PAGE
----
The Cheapest Ride in Town | VideoEvan Kruegel | 11/29/2012
"The people who are coming into town, when you say two dollars, they look at you in shock and say, `Only two dollars?` Because they`re coming from metro areas and they`re used to a bigger price," said driver John Pearcy.
The low cost is offset by state and federal funds, which cover 80 percent of the transit`s operating charges. The other 20 percent comes from that two dollar fare.
"Well at least you don`t have to pay five, six, or seven dollars to get on the bus like you do a taxi," said one rider.
"It`s wonderful, itís just wonderful, I wish more people would use it," said another.
On average, 80 to 110 people use the service every day, and over 1,500 people use it each month. As the city continues to grow, some additional services could be on the way soon.
"We`re handling the influx, but as the city grows were going to have to adjust how we provide that service, and I`m sure thatís coming up in the near future, perhaps including routes and bus stops, but between that and what we`re doing right now we should be able to come up with an answer that meets the needs of others," said Pearcy.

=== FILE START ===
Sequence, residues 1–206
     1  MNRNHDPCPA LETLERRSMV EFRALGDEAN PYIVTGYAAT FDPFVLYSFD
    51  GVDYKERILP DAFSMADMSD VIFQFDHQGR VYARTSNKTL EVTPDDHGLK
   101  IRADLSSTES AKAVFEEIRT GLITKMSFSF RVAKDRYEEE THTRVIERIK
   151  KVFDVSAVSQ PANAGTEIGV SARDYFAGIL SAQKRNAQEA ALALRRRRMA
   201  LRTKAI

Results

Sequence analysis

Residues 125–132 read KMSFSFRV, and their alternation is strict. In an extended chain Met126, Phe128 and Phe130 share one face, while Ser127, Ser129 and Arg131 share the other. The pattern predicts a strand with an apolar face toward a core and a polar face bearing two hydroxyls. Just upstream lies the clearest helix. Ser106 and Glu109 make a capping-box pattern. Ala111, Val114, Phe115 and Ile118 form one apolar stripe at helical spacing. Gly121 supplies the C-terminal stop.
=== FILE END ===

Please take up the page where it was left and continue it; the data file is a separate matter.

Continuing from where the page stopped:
The goal for Pearcy and the other drivers is to brighten the mood of everyone who steps on the bus, especially the seniors who don`t get out that often. Those who use it on a regular basis aren`t sure what they`d do without it.
"I don`t know, I`d stay home!"
The only downside to the service is having to wait while other riders are dropped off, but drivers like Pearcy do their best to make it an enjoyable ride.
"It makes the day for them, the bus drivers try to get them into a discussion or into joking, and it just gives them a purpose, particularly the seniors."
For the customers, the door to door service and the friendly faces are well worth the wait.